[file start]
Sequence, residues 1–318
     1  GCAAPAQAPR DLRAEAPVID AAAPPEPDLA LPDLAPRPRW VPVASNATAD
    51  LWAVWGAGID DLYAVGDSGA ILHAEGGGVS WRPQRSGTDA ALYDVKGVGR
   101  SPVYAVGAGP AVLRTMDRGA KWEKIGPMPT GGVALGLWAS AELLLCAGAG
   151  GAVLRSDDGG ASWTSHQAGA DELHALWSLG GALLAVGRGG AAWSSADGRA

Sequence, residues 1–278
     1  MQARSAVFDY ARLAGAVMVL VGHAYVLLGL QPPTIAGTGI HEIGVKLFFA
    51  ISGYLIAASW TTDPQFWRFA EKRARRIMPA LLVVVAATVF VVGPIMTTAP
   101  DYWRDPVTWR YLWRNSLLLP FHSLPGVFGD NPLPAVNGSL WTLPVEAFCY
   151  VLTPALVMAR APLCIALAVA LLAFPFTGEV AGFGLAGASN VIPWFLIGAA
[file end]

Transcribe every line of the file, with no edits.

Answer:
Sequence, residues 1–318
     1  GCAAPAQAPR DLRAEAPVID AAAPPEPDLA LPDLAPRPRW VPVASNATAD
    51  LWAVWGAGID DLYAVGDSGA ILHAEGGGVS WRPQRSGTDA ALYDVKGVGR
   101  SPVYAVGAGP AVLRTMDRGA KWEKIGPMPT GGVALGLWAS AELLLCAGAG
   151  GAVLRSDDGG ASWTSHQAGA DELHALWSLG GALLAVGRGG AAWSSADGRA

Sequence, residues 1–278
     1  MQARSAVFDY ARLAGAVMVL VGHAYVLLGL QPPTIAGTGI HEIGVKLFFA
    51  ISGYLIAASW TTDPQFWRFA EKRARRIMPA LLVVVAATVF VVGPIMTTAP
   101  DYWRDPVTWR YLWRNSLLLP FHSLPGVFGD NPLPAVNGSL WTLPVEAFCY
   151  VLTPALVMAR APLCIALAVA LLAFPFTGEV AGFGLAGASN VIPWFLIGAA